We’ve already given you a run-down of what Glass Animal’s third studio album was about to be when we reviewed its title track “Dreamland” back in May. We’ve gone in on the second single “Heat Waves” when it dropped in June, which we had to wait a few extra weeks for as front man Dave Bayley paid respects to the severity of the Black Lives Matter Movement. We already waited a few years before for new music, when the band took a hiatus to support the drummer Joe’s accident recovery, so this was no big deal, because we knew something big was coming. While we patiently awaited the process of this album’s release, Dave entertained us all through his Quarantine Covers (even a fun re-work of “Hotline Bling” with Arlo Parks) and fun interactive creative hubs allowing fans to play around with the album’s artwork inspiration parts and bits. Of course this all in addition to the album teaser released in March, “Your Love (Déjà Vu),” and “Tokyo Drifting,” a collaboration with Denzel Curry as well as the first song to be released by the band in almost three years (due to Joe’s accident.)

The band even released one final single from the album a week week ago as a last teaser before the album finally dropped this Friday. “It’s All So Incredibly Loud” was accompanied by a music video with its release, both of which describing and illustrating “only about three seconds of life,” Dave says on the band’s instagram. It’s about the moment you “have to say something to someone that [you] know is going to devastate them and change their life forever. It’s about the silence between those words leaving your mouth, and their reaction as those words register and the full weight rolls over them…until they say something back. It’s probably the most deafening thing I’ve ever experienced. The video is meant to be a physical representation of the build up before that and then the sudden explosion of quiet that seems to last forever.”

Alas, we have this wonderful piece of art for our ears to behold. “Dreamland” is a beautiful conglomeration of Dave Bayley’s personal memories and stories, from his home life growing up to the pain of a best friend going through a truly traumatic experience, and most importantly, heartbreak. Bayley has reminded everyone that there are several different types of heartbreak, and this album breaks them all down. Every song is intimate, raw, emotional, and a story being told from a very vulnerable place. Dave even included audio snippets from home videos of him and his mother from his early childhood. <3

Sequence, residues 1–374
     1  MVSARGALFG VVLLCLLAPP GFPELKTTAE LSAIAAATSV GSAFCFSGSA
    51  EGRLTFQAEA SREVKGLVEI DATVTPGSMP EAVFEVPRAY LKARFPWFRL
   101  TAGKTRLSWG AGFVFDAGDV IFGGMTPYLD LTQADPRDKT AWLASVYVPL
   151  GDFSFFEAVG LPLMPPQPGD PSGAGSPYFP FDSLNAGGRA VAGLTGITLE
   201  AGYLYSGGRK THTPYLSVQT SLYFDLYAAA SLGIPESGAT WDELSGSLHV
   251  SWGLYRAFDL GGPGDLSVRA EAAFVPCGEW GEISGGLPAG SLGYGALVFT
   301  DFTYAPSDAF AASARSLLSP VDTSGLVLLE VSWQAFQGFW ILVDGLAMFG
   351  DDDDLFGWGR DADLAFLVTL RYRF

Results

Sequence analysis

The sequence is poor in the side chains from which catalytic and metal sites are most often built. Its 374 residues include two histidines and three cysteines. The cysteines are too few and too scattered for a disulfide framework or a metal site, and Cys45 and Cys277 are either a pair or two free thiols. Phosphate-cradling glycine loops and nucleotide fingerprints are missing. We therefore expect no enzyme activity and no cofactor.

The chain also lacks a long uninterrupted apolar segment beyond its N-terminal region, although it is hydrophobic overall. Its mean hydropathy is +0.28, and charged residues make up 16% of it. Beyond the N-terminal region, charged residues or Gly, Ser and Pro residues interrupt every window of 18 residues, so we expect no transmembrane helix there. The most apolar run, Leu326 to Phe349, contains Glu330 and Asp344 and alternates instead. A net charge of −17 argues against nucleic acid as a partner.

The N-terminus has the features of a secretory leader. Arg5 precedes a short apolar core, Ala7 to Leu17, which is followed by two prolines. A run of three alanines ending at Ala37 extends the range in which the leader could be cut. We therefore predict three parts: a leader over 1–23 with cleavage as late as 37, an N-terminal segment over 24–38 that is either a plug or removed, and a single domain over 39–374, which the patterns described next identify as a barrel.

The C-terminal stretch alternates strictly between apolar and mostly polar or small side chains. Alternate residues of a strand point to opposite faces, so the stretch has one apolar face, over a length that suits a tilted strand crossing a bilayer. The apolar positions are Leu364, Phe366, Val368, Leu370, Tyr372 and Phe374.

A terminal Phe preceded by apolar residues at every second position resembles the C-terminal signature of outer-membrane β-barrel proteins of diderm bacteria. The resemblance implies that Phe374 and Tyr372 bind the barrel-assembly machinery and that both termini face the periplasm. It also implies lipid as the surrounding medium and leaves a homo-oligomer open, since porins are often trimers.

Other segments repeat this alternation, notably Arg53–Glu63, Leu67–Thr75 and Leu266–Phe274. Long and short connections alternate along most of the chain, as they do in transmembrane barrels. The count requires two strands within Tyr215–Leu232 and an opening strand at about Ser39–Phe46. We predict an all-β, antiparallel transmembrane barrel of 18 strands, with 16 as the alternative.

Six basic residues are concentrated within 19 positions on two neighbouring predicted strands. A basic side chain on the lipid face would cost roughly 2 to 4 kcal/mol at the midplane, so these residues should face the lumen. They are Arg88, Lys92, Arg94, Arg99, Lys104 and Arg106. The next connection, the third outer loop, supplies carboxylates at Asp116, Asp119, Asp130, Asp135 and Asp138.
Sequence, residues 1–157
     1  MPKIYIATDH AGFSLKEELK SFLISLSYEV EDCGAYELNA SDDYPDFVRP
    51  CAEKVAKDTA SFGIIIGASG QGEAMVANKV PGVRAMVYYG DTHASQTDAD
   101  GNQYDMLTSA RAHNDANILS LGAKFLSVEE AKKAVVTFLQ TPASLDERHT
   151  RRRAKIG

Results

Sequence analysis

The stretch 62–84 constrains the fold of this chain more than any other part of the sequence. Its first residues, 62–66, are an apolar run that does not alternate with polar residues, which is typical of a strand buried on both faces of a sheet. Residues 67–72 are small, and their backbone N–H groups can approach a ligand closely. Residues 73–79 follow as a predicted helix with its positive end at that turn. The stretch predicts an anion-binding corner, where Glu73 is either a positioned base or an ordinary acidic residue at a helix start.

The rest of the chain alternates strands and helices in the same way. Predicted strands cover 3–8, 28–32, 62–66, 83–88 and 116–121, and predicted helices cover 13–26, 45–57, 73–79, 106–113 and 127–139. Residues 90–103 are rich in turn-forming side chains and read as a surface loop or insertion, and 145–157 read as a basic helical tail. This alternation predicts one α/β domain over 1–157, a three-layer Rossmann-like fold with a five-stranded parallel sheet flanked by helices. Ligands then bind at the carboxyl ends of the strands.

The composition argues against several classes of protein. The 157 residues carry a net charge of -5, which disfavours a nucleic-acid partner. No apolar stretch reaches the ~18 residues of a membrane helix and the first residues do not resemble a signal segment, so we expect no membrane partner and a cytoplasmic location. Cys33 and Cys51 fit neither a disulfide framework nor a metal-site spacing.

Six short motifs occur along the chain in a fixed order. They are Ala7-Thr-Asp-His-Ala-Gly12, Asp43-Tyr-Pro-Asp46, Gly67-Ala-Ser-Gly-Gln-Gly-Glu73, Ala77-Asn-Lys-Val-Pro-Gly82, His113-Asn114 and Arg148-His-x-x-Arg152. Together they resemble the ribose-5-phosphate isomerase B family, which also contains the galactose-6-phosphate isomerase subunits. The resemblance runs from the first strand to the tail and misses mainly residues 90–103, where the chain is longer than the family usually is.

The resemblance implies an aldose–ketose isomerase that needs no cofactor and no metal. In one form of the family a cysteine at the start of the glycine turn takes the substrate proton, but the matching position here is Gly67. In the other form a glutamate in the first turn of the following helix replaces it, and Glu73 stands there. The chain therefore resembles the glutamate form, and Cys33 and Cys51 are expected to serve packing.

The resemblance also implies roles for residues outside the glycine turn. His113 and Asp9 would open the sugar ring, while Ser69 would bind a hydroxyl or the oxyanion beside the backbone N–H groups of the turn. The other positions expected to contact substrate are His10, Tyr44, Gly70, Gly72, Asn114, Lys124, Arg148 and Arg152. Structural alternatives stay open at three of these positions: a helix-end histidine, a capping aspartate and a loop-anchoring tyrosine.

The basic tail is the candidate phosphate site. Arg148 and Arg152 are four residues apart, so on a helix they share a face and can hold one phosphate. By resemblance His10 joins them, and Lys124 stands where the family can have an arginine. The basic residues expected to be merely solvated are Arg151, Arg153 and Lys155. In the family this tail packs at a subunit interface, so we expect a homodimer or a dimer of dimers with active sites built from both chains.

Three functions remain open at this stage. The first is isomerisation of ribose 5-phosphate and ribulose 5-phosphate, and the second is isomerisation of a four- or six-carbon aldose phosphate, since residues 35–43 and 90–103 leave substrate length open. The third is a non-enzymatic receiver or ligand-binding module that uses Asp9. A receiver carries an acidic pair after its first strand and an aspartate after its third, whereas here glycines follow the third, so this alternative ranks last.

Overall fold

Glass Animals’ first album ZABA had the sound scape of a psychedelic tropical jungle, and How To Be A Human Being was the collective stories of people Dave met while on the ZABA tour. Bayley used ZABA as an opportunity to develop and hone the skills required to create such a specific and special sound scape through experimental instrumentation and audio work. Through the process of writing How To Be A Human Being he learned how to tell and share stories through song. Now Dreamland is a manifestation of all the diligent work Bayley has put in to being able to fully articulate his own experience in this world, and it’s absolutely, stunningly, gorgeous.

Bayley created unique worlds around each of the band’s albums, and they are so vastly different from each other, something I truly admire about Dave as an artist. They get so into detail that the aesthetic cohesiveness for each album even comes down to the website animations, which speaks volumes to the creative imagination and sheer brilliance of this man. Everything he does is a masterpiece.

Okay, now for the music review… After all the singles released prior to the full album and the little home video audio snippets, we got seven new never-heard-before tracks: Tangerine, Hot Sugar, Space Ghost Coast to Coast, Melon and the Coconut, Waterfalls Coming Out Your Mouth, Domestic Bliss and Helium. Here are our notes for a few of our favorites from the new songs:

Tangerine sports a crisp and upbeat light sound, which might make you think this is a happy song, but the lyrics explore a somber feeling of mourning the idea of who someone or a relationship used to be.

Space Ghost Coast to Coast is a haunting track, juxtaposing bits of childhood memorabilia in a sweet, innocent sense with the shocking news of a childhood friend attempting to plan a school shooting.

Melon and the Coconut has a raw feeling, very stripped and minimalistic, and serves as a perfect “b-sides” song for the very middle of the album. It’s about a melon and a coconut breaking up, alluding to a personal relationship of Bayley’s, we can assume, where he thought he would grow old with this person and they just didn’t think it was enough anymore.

Domestic Bliss is a pretty song, like it could be a soundtrack song with the musical composition of it. It touches on a dark subject though, a story told of an abusive relationship the mother of his childhood friend was in. With domestic violence rising so dramatically throughout lockdown, this is an important subject to talk about, now more than ever.

Dreamland showcases Dave Bayley’s romantic and poetic lyricism and imaginative instrumentation, and the last track “Helium” even ends with a dreamy outro reminiscent of the intro from the title track. From top to bottom “Dreamland” is a piece of art.

The band is doing a visual listening party for the album tomorrow (Sunday) at 2pm CST on YouTube, so tune in!

Thank you Dave for sharing the depths of your soul with us. Congratulations.

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